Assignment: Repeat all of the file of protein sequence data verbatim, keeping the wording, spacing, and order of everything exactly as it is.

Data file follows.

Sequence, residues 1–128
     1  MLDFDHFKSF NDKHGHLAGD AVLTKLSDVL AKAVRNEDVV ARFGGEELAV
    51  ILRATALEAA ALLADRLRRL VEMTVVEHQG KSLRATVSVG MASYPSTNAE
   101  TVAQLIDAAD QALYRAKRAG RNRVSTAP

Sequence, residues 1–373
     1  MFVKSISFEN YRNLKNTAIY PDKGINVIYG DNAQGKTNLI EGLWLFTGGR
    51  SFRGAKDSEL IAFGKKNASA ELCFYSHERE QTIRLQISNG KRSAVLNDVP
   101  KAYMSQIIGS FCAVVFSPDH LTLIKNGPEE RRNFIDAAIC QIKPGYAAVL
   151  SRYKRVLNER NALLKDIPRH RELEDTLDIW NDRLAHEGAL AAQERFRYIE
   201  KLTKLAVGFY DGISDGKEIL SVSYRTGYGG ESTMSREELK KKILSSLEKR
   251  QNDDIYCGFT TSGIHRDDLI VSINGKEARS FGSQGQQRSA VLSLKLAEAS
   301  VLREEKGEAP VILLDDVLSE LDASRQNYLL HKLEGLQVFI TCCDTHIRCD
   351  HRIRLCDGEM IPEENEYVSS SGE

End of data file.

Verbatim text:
Sequence, residues 1–128
     1  MLDFDHFKSF NDKHGHLAGD AVLTKLSDVL AKAVRNEDVV ARFGGEELAV
    51  ILRATALEAA ALLADRLRRL VEMTVVEHQG KSLRATVSVG MASYPSTNAE
   101  TVAQLIDAAD QALYRAKRAG RNRVSTAP

Sequence, residues 1–373
     1  MFVKSISFEN YRNLKNTAIY PDKGINVIYG DNAQGKTNLI EGLWLFTGGR
    51  SFRGAKDSEL IAFGKKNASA ELCFYSHERE QTIRLQISNG KRSAVLNDVP
   101  KAYMSQIIGS FCAVVFSPDH LTLIKNGPEE RRNFIDAAIC QIKPGYAAVL
   151  SRYKRVLNER NALLKDIPRH RELEDTLDIW NDRLAHEGAL AAQERFRYIE
   201  KLTKLAVGFY DGISDGKEIL SVSYRTGYGG ESTMSREELK KKILSSLEKR
   251  QNDDIYCGFT TSGIHRDDLI VSINGKEARS FGSQGQQRSA VLSLKLAEAS
   301  VLREEKGEAP VILLDDVLSE LDASRQNYLL HKLEGLQVFI TCCDTHIRCD
   351  HRIRLCDGEM IPEENEYVSS SGE